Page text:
R.S. Pathak, C.J.
1. This appeal is directed against the judgment and decree of H. R. Khanna, J. in a suit for possession.
2. The plaintiff alleged that he was a collateral of Hoshiaru. husband of Gori, who had sold the land in suit on November 30, 1961 to the defendants for an ostensible consideration of Rs. 1,700/-. The plaintiff sought to enforce a right of pre-emption against the vendees who were strangers. The suit was contested on a number of grounds, including the ground that the plaintiff had waived his right of pre-emption. The plea of waiver was founded on two allegations. It was alleged, firstly, that the plaintiff had taken active part in the negotiations for sale and. secondly, that a partition of the land sold had taken place by consent between the plaintiff and the vendees. The trial court rejected the former allegation and held as to the latter that it did not amount to a waiver. Finding that the plaintiff had a right of pre-emption and that the right had not been waived. it decreed the suit for possession of theland by pre-emption on payment of Rs. 1,700/- by the plaintiff. Bala Ram, one of the defendants, preferred an appeal and the lower appellate court, although it affirmed the other findings of the trial court including the finding that the plaintiff had not participated in the negotiations for sale upheld the contention of Bala Ram that by consenting to partition, the plaintiff had waived his right of pre-emption.' The suit was dismissed. In second appeal before this Court, the plaintiff assailed the finding of the lower appellate court that by agreeing to partition he had waived his right of pre-emption. The contention found favour with the learned Single Judge and setting aside the decree of the lower appellate Court he decreed the suit for possession of the land by pre-emption.
3. We have heard learned counsel for the parties, and we are of opinion, that the view taken by the learned single Judge is right In Thamman Singh v. Jamal-ud-din, (1885) ILR 7 All 442 subsequent to the sale of a one third (Share in a village in his favour the vendee applied for partition of the share and a co-sharer. who had a right of pre-emption in respect of the same, made no objection to the application, and the partition was effected. The co-sharer afterwards set up a claim to pre-emption. A Division Bench of the Allahabad High Court held that there was nothing in the conduct of the pre-emptor during the partition proceedings which could amount to estoppel or to a waiver of his right of pre-emption. The decision in that case received the approval of a Division Bench of the Lahore High Court in Vir Singh v. Nihal Chand, AIR 1925 Lah 178. Reference may also be made to Teja Singh Warvam Singh v. Bir Singh Lakhu. AIR 1963 Punj 483 (FB). The courts below have rejected the contention that the plaintiff had taken part in the negotiations for the sale of the land. His conduct during the partition proceedings did not amount to waiver. We are unable to hold that the plaintiff can be said to have waived his right of pre-emp-tion.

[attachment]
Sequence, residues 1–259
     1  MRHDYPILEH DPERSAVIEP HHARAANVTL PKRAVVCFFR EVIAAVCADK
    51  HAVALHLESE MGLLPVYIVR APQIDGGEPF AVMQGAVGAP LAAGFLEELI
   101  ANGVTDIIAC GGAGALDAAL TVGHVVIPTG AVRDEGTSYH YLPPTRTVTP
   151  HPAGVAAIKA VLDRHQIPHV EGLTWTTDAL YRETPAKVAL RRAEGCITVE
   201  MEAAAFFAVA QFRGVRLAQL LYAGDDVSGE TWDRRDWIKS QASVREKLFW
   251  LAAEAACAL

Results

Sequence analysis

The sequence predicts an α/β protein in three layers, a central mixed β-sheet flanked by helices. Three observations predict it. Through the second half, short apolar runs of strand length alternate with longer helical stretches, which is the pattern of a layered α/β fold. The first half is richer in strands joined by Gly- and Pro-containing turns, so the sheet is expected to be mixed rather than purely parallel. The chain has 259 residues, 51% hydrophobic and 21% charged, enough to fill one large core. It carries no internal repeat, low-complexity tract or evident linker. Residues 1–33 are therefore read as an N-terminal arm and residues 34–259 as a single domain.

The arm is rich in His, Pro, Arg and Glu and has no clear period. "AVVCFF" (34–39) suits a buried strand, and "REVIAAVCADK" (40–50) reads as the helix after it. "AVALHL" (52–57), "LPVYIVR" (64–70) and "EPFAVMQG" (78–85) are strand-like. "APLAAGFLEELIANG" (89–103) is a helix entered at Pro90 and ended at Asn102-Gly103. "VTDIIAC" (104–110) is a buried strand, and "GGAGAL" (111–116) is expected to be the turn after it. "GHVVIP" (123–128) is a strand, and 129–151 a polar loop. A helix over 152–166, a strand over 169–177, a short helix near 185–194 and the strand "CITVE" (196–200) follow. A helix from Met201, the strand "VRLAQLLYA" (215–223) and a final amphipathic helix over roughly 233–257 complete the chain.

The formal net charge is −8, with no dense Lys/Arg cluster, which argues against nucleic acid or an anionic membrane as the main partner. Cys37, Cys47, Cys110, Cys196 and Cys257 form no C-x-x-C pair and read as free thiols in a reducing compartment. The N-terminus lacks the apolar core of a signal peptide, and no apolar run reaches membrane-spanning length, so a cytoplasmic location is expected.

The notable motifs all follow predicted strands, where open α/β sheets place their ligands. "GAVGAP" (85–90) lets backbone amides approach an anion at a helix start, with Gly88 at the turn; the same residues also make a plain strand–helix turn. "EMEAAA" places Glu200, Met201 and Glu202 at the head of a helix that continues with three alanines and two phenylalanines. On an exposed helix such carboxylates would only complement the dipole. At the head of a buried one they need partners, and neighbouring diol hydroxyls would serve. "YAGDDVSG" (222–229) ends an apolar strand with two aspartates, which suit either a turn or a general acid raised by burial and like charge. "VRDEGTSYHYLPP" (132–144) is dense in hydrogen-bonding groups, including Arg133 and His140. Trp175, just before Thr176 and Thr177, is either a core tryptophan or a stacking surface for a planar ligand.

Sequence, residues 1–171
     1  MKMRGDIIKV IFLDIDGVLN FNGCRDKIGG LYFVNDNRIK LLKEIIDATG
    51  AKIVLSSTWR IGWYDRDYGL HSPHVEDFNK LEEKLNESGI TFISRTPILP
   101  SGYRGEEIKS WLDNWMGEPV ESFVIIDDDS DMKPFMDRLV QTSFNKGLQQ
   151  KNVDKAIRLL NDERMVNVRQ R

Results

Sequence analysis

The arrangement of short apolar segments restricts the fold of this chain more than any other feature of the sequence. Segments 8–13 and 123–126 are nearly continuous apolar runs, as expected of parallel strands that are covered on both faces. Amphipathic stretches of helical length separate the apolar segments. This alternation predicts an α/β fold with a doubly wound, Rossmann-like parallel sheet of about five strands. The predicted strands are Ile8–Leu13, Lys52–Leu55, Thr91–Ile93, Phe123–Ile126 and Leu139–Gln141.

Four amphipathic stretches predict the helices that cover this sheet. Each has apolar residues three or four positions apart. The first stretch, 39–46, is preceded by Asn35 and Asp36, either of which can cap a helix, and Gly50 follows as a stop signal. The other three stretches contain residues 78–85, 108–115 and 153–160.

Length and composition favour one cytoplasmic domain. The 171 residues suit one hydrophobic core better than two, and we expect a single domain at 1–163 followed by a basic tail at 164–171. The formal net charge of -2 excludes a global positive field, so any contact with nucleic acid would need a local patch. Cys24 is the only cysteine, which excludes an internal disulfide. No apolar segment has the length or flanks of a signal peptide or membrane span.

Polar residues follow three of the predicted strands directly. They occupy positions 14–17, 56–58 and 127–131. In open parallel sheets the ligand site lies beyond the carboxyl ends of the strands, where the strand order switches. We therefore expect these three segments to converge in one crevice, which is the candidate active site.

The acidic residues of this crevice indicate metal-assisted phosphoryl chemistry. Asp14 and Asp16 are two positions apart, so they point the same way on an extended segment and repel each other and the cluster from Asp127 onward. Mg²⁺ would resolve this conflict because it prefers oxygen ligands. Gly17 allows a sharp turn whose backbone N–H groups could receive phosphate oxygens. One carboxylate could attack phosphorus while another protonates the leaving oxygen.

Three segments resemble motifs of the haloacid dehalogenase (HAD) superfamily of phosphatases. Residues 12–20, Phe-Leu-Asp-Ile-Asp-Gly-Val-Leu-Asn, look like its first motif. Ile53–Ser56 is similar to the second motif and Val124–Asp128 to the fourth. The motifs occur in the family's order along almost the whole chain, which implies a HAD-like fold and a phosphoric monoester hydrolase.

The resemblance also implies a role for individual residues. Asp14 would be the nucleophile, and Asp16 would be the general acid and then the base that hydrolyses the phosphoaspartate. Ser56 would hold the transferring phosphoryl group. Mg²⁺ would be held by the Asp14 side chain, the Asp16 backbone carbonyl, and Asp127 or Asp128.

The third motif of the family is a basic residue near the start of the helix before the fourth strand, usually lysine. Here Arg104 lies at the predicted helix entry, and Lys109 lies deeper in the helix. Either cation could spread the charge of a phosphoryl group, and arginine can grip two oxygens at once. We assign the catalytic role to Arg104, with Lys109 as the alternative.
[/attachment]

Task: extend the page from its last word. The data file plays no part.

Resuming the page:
4. Accordingly, the appeal is dismissed. There is no order as to costs.